Inquiry finds 'serious errors' in handling of Ruby Princess

Australian Associated Press
·2-min read

Authorities made serious errors by failing to test a new classification of suspected COVID-19 passengers on board the ill-fated Ruby Princess cruise ship.

That's one of a raft of findings from a special commission of inquiry into the vessel's arrival in Sydney on March 19, when numerous contagious people disembarked at Circular Quay, and subsequently spread the virus across Australia and overseas.

After hearing weeks of evidence, the Special Commission of Inquiry commissioned by the NSW government on Friday released its findings.

The report noted that on March 10 the Communicable Diseases Network of Australia amended its guidelines such that everyone on board the ship with newly-defined suspect cases should be tested.

Cruise ship passengers disembark from the Princess Cruises owned Ruby Princess at Circular Quay in Sydney.
People depart the Ruby Princess at Circular Quay in Sydney in March. Source: AAP

But when a risk assessment was conducted on March 18, those making decisions did not have the updated definition of a "suspect case".

"This was a serious and material error," the commission found.

The Ruby Princess has been linked to hundreds of cases and more than 20 coronavirus-related deaths across Australia.

The ship - which was low on medical supplies and swabs for COVID-19 tests due to shortages - left Sydney on March 8 for New Zealand and returned 11 days later.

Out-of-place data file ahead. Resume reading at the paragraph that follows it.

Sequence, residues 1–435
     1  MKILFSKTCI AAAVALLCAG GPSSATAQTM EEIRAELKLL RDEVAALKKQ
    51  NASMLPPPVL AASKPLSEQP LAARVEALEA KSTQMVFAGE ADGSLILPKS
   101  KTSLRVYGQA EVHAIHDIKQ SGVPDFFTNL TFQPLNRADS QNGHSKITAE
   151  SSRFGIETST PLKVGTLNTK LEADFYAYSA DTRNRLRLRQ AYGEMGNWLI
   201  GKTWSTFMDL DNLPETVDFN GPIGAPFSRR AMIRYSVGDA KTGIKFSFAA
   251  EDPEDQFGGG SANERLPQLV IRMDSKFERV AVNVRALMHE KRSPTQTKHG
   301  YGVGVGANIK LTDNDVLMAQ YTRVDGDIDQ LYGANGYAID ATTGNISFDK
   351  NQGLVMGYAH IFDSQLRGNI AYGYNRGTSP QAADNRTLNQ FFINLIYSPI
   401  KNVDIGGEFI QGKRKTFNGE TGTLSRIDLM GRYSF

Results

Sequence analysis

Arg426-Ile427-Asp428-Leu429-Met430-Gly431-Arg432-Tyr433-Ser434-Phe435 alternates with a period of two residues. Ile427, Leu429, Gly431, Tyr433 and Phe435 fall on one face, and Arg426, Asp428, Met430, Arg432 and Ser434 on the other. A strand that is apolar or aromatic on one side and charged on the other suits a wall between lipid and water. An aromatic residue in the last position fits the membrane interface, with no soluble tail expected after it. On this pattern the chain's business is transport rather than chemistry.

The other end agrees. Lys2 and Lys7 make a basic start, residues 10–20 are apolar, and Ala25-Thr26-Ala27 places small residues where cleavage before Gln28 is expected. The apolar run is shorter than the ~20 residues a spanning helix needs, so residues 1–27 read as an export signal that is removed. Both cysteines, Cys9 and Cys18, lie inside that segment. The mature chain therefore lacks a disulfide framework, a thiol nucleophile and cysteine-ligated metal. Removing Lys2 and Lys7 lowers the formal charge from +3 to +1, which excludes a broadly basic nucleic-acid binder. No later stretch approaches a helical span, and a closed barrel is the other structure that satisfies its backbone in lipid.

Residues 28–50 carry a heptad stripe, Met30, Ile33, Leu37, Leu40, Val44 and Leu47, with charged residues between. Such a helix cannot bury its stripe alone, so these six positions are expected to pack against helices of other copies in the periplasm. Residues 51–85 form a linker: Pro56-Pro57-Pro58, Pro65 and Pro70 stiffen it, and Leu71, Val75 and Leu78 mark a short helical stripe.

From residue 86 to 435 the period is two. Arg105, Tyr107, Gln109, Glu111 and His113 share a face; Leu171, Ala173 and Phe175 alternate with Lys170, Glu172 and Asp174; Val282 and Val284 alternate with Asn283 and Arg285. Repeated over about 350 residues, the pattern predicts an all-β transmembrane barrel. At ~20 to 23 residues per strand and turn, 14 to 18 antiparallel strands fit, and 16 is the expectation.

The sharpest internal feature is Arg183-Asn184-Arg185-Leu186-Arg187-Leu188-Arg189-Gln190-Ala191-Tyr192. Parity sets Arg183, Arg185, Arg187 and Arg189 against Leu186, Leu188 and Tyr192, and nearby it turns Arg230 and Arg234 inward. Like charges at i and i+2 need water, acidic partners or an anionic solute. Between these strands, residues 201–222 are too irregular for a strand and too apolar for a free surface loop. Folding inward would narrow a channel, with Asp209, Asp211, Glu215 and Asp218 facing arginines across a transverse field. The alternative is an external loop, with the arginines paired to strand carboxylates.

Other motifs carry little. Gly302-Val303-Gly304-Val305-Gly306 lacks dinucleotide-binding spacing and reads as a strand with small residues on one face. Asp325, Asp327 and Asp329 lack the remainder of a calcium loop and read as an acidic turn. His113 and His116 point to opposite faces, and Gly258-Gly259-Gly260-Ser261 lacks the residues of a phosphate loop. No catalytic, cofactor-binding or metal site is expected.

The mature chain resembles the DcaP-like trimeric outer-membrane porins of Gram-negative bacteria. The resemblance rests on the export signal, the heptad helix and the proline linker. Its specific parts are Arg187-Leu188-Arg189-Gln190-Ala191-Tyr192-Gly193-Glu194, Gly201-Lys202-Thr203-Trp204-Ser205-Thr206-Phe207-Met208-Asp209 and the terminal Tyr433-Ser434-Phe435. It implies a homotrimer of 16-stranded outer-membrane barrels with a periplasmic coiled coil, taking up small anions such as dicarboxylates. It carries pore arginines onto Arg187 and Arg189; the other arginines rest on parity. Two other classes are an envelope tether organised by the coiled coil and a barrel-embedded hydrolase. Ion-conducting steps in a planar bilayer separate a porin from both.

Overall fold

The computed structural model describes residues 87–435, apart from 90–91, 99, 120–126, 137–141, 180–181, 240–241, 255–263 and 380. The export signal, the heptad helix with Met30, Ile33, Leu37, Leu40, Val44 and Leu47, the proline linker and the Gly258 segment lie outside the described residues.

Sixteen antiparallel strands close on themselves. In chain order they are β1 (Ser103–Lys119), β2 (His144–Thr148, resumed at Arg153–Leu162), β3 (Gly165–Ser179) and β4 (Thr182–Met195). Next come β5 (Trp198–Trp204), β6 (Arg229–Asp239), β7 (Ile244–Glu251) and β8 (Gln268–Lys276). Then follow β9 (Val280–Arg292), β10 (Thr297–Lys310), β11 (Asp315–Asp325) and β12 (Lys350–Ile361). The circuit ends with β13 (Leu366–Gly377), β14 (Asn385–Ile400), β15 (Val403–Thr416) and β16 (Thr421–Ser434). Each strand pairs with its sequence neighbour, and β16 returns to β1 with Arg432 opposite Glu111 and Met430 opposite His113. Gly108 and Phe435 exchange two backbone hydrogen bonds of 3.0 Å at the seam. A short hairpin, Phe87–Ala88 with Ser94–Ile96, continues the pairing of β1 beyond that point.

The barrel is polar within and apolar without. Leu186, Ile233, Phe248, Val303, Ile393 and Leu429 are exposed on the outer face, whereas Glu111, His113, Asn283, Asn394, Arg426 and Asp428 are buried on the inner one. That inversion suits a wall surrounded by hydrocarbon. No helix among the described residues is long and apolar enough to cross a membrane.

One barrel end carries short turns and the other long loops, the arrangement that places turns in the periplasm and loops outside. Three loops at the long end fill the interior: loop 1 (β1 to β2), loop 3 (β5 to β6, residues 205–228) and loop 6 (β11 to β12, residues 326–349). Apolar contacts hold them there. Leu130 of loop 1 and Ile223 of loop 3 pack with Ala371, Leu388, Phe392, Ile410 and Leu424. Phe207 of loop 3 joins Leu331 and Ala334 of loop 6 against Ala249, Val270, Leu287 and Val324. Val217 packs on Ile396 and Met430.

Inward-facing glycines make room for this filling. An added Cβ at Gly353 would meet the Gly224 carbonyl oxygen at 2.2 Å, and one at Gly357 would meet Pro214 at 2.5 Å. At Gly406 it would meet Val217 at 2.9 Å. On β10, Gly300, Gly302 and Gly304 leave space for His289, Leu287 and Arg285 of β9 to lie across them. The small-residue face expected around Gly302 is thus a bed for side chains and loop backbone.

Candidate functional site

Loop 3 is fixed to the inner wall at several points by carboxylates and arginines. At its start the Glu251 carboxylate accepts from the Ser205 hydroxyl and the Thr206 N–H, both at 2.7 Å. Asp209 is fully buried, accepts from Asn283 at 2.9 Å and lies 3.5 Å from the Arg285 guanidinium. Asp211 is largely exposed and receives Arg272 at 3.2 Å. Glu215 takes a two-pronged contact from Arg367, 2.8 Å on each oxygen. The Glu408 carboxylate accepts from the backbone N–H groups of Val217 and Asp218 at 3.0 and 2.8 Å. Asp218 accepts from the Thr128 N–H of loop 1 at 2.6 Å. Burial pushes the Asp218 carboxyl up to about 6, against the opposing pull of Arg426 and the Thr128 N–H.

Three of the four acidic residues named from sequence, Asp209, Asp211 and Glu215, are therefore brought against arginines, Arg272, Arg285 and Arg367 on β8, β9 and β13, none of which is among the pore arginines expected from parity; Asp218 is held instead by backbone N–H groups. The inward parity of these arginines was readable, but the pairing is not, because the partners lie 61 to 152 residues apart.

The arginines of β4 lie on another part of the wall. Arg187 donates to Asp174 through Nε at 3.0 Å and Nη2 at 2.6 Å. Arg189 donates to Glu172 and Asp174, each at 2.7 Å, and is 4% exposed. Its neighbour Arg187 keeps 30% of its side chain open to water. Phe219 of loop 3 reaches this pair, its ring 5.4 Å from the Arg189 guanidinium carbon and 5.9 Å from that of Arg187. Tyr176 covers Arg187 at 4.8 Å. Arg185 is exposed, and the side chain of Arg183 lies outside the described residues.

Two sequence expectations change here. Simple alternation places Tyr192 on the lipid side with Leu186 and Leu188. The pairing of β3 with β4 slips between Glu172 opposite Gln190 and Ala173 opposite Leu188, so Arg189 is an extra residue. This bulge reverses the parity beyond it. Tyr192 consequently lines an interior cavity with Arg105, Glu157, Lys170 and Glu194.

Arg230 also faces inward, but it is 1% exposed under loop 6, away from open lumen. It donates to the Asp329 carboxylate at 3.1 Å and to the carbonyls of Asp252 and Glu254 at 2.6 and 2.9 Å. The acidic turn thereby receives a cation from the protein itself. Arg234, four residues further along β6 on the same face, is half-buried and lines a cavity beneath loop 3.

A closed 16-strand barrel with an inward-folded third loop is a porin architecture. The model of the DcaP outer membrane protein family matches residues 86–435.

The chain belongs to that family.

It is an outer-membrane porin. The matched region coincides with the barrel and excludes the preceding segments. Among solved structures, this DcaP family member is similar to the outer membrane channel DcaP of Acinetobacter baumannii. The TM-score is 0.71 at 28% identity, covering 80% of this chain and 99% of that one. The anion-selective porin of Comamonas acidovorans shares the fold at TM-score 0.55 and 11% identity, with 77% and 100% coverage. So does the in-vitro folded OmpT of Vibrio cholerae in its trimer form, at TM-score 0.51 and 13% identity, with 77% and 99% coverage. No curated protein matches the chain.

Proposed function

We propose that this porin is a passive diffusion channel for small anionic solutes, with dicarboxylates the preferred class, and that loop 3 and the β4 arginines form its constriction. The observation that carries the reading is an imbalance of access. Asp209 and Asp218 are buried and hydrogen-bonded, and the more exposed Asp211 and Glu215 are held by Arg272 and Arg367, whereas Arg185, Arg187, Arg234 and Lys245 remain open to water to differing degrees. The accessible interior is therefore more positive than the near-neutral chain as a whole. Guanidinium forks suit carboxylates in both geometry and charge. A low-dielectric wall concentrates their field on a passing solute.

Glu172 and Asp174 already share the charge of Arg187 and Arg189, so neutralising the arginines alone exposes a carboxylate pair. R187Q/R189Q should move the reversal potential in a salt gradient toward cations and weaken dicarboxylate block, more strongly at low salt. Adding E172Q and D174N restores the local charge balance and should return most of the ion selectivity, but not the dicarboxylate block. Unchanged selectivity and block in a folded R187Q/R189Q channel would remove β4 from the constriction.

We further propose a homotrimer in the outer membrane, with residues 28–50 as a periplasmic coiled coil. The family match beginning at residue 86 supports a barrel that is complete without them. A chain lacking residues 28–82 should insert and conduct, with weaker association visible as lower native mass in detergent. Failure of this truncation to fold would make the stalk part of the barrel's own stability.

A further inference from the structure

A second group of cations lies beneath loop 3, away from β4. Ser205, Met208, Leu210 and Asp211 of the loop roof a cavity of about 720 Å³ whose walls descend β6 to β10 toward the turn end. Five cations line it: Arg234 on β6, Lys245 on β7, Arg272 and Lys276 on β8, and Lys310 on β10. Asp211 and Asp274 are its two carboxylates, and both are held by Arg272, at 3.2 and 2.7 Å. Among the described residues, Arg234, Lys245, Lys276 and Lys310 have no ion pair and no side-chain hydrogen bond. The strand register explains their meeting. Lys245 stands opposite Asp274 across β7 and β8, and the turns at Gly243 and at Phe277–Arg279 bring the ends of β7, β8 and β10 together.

Crew members from the Ruby Princess can be seen as it docks at Overseas Passenger Terminal in Sydney, Australia.
Crew members stand on board the ship. Source: Getty Images

Despite the respiratory symptoms of numerous of those aboard and uncertainty surrounding test results, 2700 passengers were permitted to disembark as the voyage had been deemed low risk by NSW health authorities.

This is because only 0.94 per cent of passengers presented to the ship's medical centre with flu-like symptoms - not the one per cent required to mandate NSW Health intervention - and none had visited virus-hit countries China, Italy, Iran or South Korea.

Passengers disembarked before the results of 13 expedited tests showing at least three people had the virus.

Bret Walker SC was tasked with examining the ship's departure, arrival and disembarkation and conducted 21 days' of hearings from April to July.

Separate NSW Police and coronial inquiries into the Ruby Princess are ongoing and not expected to report back for at least another month.

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